HTC Intros Desire 601 and 300, Adds Color to One Range
Article Comments 5
Sep 3, 2013, 4:30 AM by Eric M. Zeman
HTC today announced two new handsets, the Desire 601 and the Desire 300. These phones enter the middle of HTC's range and will target overseas markets to start. Both devices offer some of the features first seen on the HTC One, such as Android 4.2 Jelly Bean with Sense 5.0, BlinkFeed, and HTC Zoes. Some shared features include Wi-Fi, Bluetooth 4.0, GPS, and support for microSD cards up to 64GB.
- Desire 601: The 601 has a 4.5-inch qHD display; 1.4GHz Qualcomm Snapdragon 400 dual-core processor with 1GB of RAM; 5-megapixel camera with back-side illumination and 1080p HD video capture; dual front speakers with BoomSound; and an embedded 2200mAh battery.
- Desire 300: The 300 steps down to a 4.3-inch WVGA display; a 1GHz Qualcomm Snapdragon S4 processor with 512MB of RAM; a 5-megapixel camera with WVGA video capture; and a removeable 1650mAh battery.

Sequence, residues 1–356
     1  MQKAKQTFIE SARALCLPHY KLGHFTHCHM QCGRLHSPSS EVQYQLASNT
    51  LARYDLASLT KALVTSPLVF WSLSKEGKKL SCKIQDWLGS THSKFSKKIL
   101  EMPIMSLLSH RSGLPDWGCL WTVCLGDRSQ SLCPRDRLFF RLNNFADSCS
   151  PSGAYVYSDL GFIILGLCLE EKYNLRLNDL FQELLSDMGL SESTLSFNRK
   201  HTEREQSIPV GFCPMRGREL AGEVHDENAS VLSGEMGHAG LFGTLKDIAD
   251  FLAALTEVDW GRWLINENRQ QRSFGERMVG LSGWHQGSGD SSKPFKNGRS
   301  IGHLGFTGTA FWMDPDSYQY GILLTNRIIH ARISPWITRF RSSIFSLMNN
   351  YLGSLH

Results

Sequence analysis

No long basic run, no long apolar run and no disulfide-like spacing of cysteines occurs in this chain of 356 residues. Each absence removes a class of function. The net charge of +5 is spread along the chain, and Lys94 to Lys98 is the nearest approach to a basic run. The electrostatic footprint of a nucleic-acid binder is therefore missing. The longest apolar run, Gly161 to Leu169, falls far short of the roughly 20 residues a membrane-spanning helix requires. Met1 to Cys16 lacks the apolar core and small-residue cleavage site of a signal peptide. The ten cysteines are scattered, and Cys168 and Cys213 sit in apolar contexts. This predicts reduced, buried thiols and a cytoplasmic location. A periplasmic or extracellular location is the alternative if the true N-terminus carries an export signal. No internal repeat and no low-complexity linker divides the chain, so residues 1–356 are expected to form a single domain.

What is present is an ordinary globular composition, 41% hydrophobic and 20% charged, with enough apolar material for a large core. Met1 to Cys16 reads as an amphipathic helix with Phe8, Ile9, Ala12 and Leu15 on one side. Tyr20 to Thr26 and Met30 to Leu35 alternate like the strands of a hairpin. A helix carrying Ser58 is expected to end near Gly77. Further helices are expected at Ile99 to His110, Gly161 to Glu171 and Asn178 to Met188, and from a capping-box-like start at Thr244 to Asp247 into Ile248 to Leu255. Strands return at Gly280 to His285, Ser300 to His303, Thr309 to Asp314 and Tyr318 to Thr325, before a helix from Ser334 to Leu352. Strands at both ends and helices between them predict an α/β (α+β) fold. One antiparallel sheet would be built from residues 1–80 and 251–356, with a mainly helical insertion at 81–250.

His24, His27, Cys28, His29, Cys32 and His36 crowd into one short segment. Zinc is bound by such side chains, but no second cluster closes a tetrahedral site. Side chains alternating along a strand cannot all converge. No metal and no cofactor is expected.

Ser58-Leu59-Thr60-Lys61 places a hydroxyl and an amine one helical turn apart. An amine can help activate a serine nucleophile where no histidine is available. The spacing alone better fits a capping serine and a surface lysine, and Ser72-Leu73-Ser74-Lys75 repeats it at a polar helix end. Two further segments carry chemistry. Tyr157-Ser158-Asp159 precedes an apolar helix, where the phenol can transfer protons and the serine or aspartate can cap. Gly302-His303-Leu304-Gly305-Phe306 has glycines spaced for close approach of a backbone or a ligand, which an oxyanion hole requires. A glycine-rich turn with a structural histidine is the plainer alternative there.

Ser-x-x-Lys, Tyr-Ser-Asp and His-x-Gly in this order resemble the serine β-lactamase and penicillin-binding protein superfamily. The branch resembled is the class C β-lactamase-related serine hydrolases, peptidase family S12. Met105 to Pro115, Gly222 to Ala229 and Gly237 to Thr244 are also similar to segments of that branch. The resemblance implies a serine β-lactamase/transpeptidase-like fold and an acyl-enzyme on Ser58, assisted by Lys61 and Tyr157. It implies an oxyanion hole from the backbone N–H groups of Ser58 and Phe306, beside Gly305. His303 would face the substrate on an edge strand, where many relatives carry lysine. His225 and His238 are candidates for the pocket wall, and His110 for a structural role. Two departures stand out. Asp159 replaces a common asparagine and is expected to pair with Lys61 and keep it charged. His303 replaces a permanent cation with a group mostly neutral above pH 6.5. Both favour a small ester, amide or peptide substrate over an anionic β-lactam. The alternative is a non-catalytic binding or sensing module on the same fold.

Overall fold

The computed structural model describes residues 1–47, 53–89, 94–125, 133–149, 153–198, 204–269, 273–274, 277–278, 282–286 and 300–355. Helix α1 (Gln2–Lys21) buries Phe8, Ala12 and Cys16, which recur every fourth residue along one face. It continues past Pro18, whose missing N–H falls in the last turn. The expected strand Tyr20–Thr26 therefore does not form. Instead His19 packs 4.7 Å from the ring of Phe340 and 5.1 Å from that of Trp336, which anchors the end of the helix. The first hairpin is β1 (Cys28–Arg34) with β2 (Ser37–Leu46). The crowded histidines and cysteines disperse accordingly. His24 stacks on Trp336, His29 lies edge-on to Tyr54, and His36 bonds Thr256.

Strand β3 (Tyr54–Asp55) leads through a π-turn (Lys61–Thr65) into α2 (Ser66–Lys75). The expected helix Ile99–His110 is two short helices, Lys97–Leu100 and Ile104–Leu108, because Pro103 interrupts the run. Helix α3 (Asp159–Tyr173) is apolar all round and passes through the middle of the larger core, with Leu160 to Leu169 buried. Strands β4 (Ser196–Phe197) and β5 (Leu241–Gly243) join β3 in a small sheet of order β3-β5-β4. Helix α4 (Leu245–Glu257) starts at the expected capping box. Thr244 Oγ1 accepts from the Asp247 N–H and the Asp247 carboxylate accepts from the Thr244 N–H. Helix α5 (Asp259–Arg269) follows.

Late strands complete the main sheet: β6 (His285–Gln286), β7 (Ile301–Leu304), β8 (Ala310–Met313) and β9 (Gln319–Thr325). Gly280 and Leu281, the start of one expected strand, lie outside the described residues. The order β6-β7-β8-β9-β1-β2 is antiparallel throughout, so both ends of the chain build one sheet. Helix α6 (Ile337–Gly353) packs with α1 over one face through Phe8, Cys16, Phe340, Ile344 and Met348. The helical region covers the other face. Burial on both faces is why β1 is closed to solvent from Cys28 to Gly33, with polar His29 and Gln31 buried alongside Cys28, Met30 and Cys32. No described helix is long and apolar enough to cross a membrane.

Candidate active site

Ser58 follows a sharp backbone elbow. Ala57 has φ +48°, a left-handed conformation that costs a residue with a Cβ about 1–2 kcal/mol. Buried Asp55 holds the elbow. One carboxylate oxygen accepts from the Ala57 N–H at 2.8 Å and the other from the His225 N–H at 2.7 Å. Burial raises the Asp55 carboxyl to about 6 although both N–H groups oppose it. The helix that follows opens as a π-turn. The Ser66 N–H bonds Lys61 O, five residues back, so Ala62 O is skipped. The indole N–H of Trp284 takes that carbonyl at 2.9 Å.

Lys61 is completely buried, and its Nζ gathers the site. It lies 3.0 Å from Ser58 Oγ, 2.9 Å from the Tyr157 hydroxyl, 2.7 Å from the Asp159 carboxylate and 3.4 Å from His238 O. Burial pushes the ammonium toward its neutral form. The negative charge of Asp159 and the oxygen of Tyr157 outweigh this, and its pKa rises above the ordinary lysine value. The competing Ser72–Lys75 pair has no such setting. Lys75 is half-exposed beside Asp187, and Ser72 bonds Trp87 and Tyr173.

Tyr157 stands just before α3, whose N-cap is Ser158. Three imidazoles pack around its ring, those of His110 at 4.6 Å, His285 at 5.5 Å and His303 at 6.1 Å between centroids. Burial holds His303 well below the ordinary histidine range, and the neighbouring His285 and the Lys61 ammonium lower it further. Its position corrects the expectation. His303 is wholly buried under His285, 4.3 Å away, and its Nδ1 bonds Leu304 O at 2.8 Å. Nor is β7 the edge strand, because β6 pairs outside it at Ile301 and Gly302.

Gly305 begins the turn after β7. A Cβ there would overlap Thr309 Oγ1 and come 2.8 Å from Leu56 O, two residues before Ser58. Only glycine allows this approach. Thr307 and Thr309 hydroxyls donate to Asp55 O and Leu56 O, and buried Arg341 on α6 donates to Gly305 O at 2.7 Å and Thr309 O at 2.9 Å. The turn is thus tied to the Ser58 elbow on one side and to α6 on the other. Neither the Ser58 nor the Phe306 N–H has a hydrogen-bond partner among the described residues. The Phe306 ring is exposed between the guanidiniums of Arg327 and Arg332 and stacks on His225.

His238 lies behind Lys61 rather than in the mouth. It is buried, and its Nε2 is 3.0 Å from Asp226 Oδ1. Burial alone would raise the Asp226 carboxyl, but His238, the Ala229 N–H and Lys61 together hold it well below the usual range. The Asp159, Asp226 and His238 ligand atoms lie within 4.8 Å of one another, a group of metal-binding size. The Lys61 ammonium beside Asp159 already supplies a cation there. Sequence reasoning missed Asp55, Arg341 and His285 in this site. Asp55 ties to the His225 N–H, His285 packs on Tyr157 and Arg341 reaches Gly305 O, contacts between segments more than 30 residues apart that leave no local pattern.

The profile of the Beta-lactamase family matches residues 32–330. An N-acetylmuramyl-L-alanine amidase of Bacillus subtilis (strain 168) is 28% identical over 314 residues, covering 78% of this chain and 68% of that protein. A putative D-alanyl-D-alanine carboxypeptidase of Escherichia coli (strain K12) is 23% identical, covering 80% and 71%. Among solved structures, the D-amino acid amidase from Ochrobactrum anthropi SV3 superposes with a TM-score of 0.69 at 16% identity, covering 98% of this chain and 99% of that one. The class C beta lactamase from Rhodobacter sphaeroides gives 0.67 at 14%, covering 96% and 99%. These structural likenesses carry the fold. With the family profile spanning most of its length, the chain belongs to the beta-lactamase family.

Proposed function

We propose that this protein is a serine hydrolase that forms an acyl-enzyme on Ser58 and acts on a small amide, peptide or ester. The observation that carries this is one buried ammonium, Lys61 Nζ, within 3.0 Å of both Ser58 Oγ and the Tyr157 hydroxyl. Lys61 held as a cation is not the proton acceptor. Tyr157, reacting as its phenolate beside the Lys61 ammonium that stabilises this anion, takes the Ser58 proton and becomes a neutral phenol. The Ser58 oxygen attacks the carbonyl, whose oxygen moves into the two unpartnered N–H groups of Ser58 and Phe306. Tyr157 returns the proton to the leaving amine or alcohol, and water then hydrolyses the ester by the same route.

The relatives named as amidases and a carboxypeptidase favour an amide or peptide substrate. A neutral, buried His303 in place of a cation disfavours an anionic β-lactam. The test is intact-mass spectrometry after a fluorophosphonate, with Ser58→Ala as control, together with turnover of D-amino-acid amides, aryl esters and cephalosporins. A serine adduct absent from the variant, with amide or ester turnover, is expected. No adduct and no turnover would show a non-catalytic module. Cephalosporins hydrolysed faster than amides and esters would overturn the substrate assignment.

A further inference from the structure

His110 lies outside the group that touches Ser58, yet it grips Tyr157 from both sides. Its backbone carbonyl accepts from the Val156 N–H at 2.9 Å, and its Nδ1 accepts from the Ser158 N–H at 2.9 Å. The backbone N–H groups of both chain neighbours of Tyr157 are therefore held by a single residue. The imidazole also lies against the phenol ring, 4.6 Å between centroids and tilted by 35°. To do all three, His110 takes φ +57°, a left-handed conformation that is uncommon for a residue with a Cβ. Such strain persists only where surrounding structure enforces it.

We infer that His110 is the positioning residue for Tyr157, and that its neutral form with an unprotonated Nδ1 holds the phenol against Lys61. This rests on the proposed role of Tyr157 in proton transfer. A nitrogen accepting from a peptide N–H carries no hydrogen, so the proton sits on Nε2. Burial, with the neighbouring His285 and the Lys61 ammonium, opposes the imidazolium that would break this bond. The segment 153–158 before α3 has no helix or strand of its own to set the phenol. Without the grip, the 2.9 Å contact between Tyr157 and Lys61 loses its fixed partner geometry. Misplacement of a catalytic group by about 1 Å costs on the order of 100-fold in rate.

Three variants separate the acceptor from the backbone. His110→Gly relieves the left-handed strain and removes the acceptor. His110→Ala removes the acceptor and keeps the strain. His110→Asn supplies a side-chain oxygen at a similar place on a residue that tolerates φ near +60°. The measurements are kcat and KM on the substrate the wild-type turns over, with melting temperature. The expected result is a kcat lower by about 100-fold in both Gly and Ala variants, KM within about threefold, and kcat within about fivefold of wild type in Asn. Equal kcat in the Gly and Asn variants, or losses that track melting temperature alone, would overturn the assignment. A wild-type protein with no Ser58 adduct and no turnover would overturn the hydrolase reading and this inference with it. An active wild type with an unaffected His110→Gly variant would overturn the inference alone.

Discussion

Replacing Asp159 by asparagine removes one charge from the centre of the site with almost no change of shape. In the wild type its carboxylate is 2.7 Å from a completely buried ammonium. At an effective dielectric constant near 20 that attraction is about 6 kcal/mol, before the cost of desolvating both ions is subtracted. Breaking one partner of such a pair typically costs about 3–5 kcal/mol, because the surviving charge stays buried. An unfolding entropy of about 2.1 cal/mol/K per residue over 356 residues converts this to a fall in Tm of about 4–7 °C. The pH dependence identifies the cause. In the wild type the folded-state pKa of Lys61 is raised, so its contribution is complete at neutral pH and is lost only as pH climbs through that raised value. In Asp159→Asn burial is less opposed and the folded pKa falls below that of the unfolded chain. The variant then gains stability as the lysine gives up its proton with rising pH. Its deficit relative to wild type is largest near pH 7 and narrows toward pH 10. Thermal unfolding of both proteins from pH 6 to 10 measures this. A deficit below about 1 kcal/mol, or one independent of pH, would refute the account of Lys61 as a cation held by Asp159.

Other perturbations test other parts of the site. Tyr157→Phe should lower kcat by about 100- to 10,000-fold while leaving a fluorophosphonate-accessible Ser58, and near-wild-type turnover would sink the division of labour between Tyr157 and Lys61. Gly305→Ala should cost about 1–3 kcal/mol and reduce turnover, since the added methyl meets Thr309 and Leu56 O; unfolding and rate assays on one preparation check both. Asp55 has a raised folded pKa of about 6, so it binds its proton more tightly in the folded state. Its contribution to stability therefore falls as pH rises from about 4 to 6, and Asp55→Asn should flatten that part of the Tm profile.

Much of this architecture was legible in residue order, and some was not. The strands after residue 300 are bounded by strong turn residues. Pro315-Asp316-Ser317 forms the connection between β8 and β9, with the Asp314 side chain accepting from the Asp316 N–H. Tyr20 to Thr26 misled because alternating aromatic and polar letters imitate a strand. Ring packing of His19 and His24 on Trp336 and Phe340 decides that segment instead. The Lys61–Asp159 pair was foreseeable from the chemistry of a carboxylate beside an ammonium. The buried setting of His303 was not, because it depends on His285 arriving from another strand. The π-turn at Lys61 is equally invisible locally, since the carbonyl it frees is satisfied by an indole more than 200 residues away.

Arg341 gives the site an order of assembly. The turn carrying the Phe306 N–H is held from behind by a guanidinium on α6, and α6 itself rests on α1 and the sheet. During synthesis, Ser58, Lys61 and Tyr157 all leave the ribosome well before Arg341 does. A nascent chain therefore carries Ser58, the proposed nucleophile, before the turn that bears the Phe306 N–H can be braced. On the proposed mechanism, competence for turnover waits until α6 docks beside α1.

The One is HTC's new flagship Android phone for 2013. It has a slick unibody metal design and cutting-edge specs and features.
HTC is putting all of its eggs in One basket; the new One is HTC’s flagship for the world this year. It take a few risks with the hardware and sports a striking new design manufactured using proprietary techniques.
Apr 19, 2013
The HTC One is available for sale at AT&T and Sprint stores beginning today. Both carriers are selling the silver 32GB model for $199.99 with a new contract.
Apr 12, 2013
Facebook today made Facebook Home, its new launcher and user interface overlay, available to select Android smartphones. Facebook Home replaces the stock launcher on the device with one that presents Facebook content, such as the news feed, on the home screen.
Apr 2, 2013
AT&T today announced that preorders for the HTC One will begin on April 4, and the device will be available to AT&T customers starting April 19. The 32 GB version of the One will cost $199.99 with a new contract.
The Pattern Is Backwards.
Nice! How embarrassing that someone with a low end phone can carry on business in case of a battery issue but those with high end, are rendered useless until returned or repaired. Who is the sucker now? The manufacturer or the consumer?